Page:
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Christina Lattimer

People Development Magazine


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Developing A Winning People Strategy


When I first began to develop people strategies to increase the odds of businesses being successful at delivering on their key outcomes, I researched my topic widely on the internet and in professional circles, but I found there was little guidance.

That was some years ago and while there is a lot more around about people strategies,  these days, the advice and information varies widely in content and form.  

I quickly realised I had to develop my own formula for success, and in this week's article, I share how I approach developing strategy which has proved successful for me.  I hope you find the 7 steps useful. 

Underpinning business outcomes with a people strategy can be a pretty smart move.  Too often, business plans, aims and goals are set without any corresponding detail describing how people will help to deliver and achieve what the business has set out to do.

Developing a people strategy mustn’t be confused with an HR strategy.  Lack of understanding about terminology can make or break the success of a strategy, particularly around your people.   Too often an HR strategy is focussed on transactional and policy functions and this dilutes the emphasis about developing strategies to make sure the right people in the right roles deliver the right outcomes, in the right time.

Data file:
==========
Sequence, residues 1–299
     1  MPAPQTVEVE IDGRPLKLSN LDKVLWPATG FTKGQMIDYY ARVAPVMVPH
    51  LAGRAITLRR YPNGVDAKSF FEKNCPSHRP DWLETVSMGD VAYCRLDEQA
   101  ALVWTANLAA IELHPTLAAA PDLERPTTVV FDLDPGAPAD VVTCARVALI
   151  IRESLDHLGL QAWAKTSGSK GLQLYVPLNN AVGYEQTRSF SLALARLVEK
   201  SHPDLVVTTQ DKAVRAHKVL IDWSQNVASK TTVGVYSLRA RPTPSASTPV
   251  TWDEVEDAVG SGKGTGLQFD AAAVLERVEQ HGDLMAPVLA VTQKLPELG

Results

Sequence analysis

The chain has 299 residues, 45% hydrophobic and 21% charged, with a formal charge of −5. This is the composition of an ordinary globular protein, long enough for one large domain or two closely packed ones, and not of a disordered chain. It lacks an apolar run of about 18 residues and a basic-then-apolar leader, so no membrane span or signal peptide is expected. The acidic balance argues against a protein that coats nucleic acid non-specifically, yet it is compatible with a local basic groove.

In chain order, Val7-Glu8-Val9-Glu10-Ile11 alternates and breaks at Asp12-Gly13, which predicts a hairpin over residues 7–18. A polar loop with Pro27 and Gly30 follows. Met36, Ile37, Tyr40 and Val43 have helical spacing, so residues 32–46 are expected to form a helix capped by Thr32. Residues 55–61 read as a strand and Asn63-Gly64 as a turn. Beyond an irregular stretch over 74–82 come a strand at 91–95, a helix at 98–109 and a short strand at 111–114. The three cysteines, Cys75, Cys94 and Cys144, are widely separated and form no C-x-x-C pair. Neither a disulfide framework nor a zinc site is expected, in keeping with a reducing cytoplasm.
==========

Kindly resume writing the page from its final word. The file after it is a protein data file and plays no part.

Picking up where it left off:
In reality though it matters not what the strategy is called, except that it must be about people and not HR processes or transactions.   Making sure everyone is on the same page in respect of terminology being used when developing strategy is absolutely crucial.  A great people strategy will not only increase the odds of, but also accelerate the speed of, success.

Following these seven steps will help to maintain focus on what is needed to develop a great people strategy.

1.      Horizon scan internally and externally

Horizon scanning should not be a one-off event which is carried out to inform a proposed strategy, but an on-going knowledge/news bank preserved within a pre-determined framework to make sure new factors are identified at the earliest opportunity.  Organisations benefit from ensuring future scanning is a cultural norm.

There are a variety of horizon scanning models, used to pull external information together.  It is worth researching to find the best fit, but STEEP (PEST) is one of the most commonly used formats.

2.      Understand the business and its people

It is crucial the organisation’s business objectives, priorities and constraints are understood inside out. If the people strategy is being developed through the HR Department, then it’s essential that HR are involved in the formation and decision making of overall business strategy.   This is because HR will understand the capacity, capabilities and current potential of the people and such insights can temper and shape expectations around outcomes and any timelines being worked to.

3.      Establish the top five priorities